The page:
What trees to plant ?

Hi, I'm new to this site as well as pretty new to gardening.
Been spending a lot of time in my garden this Summer and I want to plant a tree, or even trees at the bottom of my garden as we're overlooked by the house at the back.
I want to know what's the best tree to plant ? Our garden is North East facing and the soil is clay which obviously retains a lot of moisture and there is some shade there,
Any advice would be greatly appreciated,
Thanks
Ian
--
Hornmeister68


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On Sat, 7 Sep 2013 15:10:57 +0200, Hornmeister68

Your first consideration for determining what tree to plant is how much space you have for it to attain full size (width and height). Also I strongly advise to not plant a free of a mature size that were it to fall can damage structures, yours and your neighbors. Next I suggest you read as much as you can about the various trees that grow in your area.... consider whether you want a tree for shade, screening, specimen, fruit, etc. Actually once you address the previous basics only you can make the choice.... and there is also price, some trees can be quite expensive, and your age, all trees are slow growing, some so slow growing that you won't live long enough to sit in their shade... so you may want to have a professional plant an older tree... planting a seedling or sapling you may well never get to enjoy it. A tree is a very long term investment, think long and hard about what to choose, where to locate it, and don't stint on the cost.
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On Saturday, September 7, 2013 9:10:57 AM UTC-4, Hornmeister68 wrote:

trees is the Tulip tree, but they are the tallest trees found east of the M ississippi river, easily reaching 100 feet in height. So you would want to consider that before planting one. There are lots of midsize and smaller trees, but again, lot size and esthet ic preferences will enter into it.

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On 9/7/2013 9:10 AM, Hornmeister68 wrote:

I have a house. I want to buy a car. What color should I get?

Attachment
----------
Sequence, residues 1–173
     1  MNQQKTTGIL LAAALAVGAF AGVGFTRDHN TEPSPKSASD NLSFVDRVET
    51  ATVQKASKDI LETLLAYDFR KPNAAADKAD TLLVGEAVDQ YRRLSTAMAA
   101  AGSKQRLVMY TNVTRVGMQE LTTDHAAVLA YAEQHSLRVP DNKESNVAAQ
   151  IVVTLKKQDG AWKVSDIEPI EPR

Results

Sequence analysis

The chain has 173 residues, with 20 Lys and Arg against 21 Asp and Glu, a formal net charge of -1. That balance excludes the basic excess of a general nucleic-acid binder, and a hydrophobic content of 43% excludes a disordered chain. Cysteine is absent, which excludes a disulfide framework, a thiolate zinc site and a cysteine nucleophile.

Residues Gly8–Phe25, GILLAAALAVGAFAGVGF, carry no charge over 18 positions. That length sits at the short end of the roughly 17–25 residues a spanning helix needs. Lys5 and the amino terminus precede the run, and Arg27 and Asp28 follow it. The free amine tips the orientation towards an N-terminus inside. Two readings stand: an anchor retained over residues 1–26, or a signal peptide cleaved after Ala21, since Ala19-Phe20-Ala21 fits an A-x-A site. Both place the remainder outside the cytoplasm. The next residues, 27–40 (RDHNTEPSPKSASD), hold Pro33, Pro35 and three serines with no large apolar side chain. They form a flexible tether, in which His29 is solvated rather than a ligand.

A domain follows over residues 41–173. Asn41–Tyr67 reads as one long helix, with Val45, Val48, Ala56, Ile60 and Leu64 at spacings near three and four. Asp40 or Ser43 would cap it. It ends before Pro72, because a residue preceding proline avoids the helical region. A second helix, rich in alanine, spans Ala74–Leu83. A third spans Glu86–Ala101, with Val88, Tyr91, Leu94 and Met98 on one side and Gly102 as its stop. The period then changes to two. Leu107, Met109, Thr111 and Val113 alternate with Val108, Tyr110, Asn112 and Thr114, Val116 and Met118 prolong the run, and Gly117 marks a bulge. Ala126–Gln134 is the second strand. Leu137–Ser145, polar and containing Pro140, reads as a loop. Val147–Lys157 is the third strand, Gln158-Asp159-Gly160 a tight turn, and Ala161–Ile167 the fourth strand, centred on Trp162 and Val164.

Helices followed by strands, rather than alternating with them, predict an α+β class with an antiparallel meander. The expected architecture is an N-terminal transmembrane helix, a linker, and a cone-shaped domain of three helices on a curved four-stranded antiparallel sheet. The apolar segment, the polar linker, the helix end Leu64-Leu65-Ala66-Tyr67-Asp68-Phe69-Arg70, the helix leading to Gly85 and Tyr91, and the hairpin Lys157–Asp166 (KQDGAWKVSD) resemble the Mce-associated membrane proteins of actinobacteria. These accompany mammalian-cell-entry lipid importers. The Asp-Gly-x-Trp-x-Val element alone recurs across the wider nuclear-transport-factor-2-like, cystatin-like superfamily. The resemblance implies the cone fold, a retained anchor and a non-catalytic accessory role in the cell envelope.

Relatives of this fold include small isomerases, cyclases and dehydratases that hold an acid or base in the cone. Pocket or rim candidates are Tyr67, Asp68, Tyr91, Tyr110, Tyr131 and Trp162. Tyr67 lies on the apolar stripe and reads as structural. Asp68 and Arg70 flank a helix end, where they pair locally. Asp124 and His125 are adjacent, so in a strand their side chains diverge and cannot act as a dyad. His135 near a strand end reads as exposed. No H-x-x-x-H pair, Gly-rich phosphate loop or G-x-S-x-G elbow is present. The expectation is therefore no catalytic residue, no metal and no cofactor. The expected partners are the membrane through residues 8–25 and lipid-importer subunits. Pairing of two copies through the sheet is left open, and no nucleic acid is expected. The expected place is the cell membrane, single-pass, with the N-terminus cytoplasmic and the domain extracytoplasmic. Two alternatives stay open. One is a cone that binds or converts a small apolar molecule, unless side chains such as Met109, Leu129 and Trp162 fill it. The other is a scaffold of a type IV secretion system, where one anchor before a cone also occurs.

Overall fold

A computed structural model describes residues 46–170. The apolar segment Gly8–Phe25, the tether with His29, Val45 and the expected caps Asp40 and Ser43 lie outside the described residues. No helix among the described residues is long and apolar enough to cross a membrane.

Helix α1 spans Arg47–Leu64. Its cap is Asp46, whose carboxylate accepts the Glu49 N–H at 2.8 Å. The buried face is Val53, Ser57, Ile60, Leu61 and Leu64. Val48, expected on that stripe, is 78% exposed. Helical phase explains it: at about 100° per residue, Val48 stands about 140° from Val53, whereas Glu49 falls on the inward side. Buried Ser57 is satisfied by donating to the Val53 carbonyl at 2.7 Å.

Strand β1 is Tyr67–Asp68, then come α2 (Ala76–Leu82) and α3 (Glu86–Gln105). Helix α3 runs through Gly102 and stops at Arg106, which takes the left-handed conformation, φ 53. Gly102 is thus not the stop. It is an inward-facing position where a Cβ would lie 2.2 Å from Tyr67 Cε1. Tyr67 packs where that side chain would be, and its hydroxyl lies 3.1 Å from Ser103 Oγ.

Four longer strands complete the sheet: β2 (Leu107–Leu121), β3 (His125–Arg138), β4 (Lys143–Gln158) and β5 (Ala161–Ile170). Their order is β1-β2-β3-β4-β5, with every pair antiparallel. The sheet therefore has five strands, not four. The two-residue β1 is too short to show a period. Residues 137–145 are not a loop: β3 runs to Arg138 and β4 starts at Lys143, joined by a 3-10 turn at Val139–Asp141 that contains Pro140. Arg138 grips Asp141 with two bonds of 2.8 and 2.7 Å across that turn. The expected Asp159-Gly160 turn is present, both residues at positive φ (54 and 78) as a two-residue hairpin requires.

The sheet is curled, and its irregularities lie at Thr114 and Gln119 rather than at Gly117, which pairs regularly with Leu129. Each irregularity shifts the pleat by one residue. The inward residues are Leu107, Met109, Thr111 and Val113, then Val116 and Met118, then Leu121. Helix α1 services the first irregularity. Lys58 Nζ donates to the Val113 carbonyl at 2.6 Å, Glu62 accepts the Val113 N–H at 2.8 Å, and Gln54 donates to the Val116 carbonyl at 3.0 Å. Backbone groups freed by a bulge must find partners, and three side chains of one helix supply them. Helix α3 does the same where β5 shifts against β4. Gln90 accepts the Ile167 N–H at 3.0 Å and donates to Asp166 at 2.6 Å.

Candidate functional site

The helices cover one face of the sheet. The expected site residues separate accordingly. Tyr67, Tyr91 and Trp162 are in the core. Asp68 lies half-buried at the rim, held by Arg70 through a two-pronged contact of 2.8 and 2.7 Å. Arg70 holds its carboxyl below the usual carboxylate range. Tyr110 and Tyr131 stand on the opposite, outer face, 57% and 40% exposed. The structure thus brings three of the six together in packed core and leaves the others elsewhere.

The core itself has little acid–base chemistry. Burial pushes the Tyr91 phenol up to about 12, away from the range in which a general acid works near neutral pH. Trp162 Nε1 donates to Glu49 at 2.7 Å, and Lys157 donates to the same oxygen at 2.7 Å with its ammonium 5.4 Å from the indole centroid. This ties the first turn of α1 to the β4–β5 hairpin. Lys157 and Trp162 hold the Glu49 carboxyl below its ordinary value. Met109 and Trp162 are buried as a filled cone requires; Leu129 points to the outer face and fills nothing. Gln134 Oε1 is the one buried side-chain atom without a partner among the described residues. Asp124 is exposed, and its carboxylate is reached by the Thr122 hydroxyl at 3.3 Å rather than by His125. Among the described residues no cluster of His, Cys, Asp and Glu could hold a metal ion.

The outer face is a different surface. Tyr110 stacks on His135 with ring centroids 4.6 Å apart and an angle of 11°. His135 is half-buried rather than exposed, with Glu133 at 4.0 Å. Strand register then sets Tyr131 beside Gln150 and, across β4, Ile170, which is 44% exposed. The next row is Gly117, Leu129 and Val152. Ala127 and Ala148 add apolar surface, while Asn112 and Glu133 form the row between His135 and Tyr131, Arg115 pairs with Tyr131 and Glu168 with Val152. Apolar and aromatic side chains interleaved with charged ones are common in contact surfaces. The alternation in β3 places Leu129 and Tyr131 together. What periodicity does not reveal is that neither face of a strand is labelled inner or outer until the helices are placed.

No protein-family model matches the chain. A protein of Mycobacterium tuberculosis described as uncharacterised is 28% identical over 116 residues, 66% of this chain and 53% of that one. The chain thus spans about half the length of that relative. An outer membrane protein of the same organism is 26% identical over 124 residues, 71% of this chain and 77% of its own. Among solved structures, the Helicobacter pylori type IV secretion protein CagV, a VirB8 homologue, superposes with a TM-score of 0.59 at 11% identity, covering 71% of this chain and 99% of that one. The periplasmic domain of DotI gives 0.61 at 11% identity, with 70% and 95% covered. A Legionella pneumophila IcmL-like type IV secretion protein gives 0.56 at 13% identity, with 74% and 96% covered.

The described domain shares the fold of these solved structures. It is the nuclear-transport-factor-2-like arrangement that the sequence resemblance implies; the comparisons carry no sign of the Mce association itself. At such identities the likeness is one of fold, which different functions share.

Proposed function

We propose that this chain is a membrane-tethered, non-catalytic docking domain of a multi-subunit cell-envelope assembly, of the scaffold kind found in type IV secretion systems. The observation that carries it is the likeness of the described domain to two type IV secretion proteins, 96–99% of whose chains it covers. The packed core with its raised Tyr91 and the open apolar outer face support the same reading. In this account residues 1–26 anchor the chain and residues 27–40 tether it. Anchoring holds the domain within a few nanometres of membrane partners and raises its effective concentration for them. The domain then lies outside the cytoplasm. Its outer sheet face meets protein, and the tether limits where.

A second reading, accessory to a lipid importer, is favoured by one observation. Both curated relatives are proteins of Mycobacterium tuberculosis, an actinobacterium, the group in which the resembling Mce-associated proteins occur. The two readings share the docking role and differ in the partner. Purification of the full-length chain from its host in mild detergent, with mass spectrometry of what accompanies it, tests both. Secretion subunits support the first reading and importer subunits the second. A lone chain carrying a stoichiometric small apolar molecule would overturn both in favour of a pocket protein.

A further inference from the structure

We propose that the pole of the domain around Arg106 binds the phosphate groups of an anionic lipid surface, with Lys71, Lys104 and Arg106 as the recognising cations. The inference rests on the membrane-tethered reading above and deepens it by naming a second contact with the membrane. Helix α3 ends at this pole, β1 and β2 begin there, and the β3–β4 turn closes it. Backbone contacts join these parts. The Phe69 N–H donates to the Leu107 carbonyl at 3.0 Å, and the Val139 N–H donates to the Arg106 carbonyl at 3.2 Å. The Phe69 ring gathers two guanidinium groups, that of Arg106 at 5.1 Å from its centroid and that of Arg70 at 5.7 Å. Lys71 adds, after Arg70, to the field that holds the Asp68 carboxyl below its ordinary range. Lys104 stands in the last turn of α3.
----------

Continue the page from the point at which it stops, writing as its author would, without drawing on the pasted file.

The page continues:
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On 9/7/13 6:10 AM, Hornmeister68 wrote:

You need to tell us about your climate. I know that at least 6 of my trees would not survive if there were snow in the winter.
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David E. Ross
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Thanks for the replies and advice everyone,
The "supposed" tree would be approx 40 foot from my house and about 30 foot from my neighbours, so its not too close to any structures although it would be near the fence that borders our land.
I live in the north west of England (Liverpool) so our climate isn't that hot, we're prone to rain up here and can get cold winters with snow.
Cheers
Ian
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Hornmeister68


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On 9/8/2013 4:36 AM, Hornmeister68 wrote:

Now that you've given dimensions, I would also advise not planting anything that will exceed 30-40 feet when fully mature.
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So what do you want this tree to do? Evergreen? Deciduous? Are you after fruit, flowers, fall color, bark texture in winter, what? Will you care for the tree, as you need to with fruit trees, or just want to plant it and let it grow? How fast should it grow? How expensive to take down a too-big or dead big tree at that location if you choose a species that's not long-lived? How much shade do you want on the ground under the tree?